ASU startups present to investors at LA showcase

July 15, 2015

Six ASU-linked startups recently presented at First Look LA, a 250-attendee investor showcase hosted by the Los Angeles Venture Association (LAVA), which also featured technologies and startups from six Southern California research institutions and the University of Hawai’i.

Startups launched by university researchers, as a group, have been a very valuable source of venture returns over the past 20 years, according to keynote speaker Bob Adelson, managing partner of Osage University Partners.  Entrepreneurs and investors connect between sessions at First Look LA. Entrepreneurs and investors connect between sessions at First Look LA. Photo by: Charlie Lewis, AzTE Download Full Image

“We have closely studied the history of university startups and believe that the risk-adjusted returns to investors who invest in university spin-outs compare very favorably to venture as a whole,” Adelson said. “University technology transfer activities generate truly disruptive technologies that boost our economy, create jobs and amply reward investors.”

David Birchfield of SMALLab Learning was one of the presenters from Arizona State University. SMALLab is an “embodied learning environment” where students can learn by physically moving within a space. Think of it as a tablet-based learning game, except the student is in the tablet, not just touching the surface.

Birchfield developed the technology behind SMALLab while in the School of Arts, Media and Engineering at ASU, before moving to LA to be closer to the film industry and software engineers that have spent decades refining the motion-capture technology powering SMALLab. The company recently crossed the million-dollar revenue threshold.

“Presenting at First Look LA is an incredible way to get in front of a large number of investors at once,” Birchfield said. “It’s a smart, experienced audience that asks the right questions and wants to know more once the stage time is over. It’s a great event and we very much appreciate the invitation by AzTE to be a part of it.”

Arizona Technology Enterprises (AzTE) is ASU’s technology transfer organization, working to move high-impact technologies from the lab to the marketplace. AzTE operates an office out of the ASU California Center in Santa Monica to help build linkages between the Arizona and Southern California innovation ecosystems, including connecting ASU inventors with California-based investors.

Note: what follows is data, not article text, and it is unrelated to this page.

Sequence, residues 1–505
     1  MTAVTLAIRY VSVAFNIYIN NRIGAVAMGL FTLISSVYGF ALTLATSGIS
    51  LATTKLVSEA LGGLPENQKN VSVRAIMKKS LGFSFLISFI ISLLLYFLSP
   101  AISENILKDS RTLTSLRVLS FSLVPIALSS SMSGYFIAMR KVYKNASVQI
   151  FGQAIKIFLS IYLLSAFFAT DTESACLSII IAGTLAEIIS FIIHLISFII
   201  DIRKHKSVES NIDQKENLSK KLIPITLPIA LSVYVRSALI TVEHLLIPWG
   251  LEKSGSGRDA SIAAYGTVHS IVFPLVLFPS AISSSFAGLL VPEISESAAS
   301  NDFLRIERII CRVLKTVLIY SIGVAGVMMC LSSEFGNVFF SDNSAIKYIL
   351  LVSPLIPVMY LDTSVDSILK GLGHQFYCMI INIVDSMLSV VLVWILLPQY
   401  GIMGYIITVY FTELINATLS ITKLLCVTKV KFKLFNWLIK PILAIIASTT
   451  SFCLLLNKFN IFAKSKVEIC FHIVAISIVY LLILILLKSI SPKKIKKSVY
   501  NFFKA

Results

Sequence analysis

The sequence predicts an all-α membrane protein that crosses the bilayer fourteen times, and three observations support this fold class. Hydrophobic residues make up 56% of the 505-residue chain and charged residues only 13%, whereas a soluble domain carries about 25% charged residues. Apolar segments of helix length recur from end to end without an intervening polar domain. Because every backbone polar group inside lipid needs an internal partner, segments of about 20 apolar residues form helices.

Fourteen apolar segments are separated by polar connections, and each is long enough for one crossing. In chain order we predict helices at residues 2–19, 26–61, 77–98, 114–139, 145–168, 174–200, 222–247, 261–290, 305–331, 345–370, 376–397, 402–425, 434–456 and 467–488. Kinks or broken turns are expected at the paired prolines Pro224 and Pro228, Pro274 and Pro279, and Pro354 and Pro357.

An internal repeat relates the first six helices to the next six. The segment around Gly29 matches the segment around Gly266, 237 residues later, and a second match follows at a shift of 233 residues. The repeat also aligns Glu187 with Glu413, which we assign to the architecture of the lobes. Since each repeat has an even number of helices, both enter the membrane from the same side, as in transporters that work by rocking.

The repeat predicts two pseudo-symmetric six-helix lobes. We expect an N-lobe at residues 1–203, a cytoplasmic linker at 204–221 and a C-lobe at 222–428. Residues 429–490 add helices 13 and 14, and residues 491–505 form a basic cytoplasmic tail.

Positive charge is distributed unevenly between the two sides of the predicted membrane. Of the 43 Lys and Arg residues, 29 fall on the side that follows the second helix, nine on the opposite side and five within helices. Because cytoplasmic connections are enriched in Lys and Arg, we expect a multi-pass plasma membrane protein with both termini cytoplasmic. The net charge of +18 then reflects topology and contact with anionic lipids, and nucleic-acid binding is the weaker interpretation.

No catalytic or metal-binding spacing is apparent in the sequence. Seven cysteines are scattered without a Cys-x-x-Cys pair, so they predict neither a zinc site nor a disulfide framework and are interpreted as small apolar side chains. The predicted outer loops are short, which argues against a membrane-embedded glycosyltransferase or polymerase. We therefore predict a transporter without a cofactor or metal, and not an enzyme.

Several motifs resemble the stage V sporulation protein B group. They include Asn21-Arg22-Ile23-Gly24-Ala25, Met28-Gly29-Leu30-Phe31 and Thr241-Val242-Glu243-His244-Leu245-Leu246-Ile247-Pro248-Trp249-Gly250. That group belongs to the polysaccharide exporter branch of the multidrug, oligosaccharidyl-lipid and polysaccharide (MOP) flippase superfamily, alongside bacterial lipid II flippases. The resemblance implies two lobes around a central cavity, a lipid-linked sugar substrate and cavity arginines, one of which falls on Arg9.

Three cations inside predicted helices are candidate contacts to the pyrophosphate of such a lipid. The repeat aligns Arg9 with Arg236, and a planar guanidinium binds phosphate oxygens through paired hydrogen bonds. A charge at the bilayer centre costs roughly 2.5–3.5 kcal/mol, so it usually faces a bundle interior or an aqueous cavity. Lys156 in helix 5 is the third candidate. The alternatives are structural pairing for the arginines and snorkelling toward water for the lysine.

“This is ASU’s third time participating in First Look LA and the event just keeps expanding and improving,” said Charlie Lewis, AzTE’s vice president for venture development. “This year, we added an investor/entrepreneur reception the evening before, sponsored by ASU, to provide another opportunity for our startups to connect with the local venture community.”

Neolight is a medical device startup that develops phototherapy beds to cure jaundice in pre-term and full term babies. The team built its device after winning a grant from the Edson Student Entrepreneur Initiative in 2014, seeking to significantly reduce fatalities caused by neonatal jaundice in developing economies.

“ASU provides so many great opportunities to support its faculty and student entrepreneurs,” said Vivek Kopparthi, Neolight co-founder and CEO. “First Look gave us a direct link to investors and it was a nice bonus that Children’s Hospital Los Angeles was also taking part in the event, so we got to make a good connection on that front as well.”

“We are incredibly proud of the inventive faculty and students at ASU who are launching companies that enhance people’s health, well-being and quality of life,” said Sethuraman “Panch” Panchanathan, senior vice president for Knowledge Enterprise Development at ASU. “Programs such as Edson, AzTE and Startup Mill reflect ASU’s commitment to supporting entrepreneurs at the university and in the community.”

Other presenting ASU companies included:

EndoVantage – Startup co-launched by ASU professor David Frakes and Brian Chong, M.D., Division of Neuroradiology, Mayo Clinic. The EndoVantage Interventional Suite is a groundbreaking software platform that simulates the deployment of endovascular devices to predict post-treatment blood flow.

GFS Technology – Mobile security technologies based on work of ASU computer scientist Gail-Joon Ahn. Ahn is a professor in the School of Computing, Informatics and Decision Systems Engineering.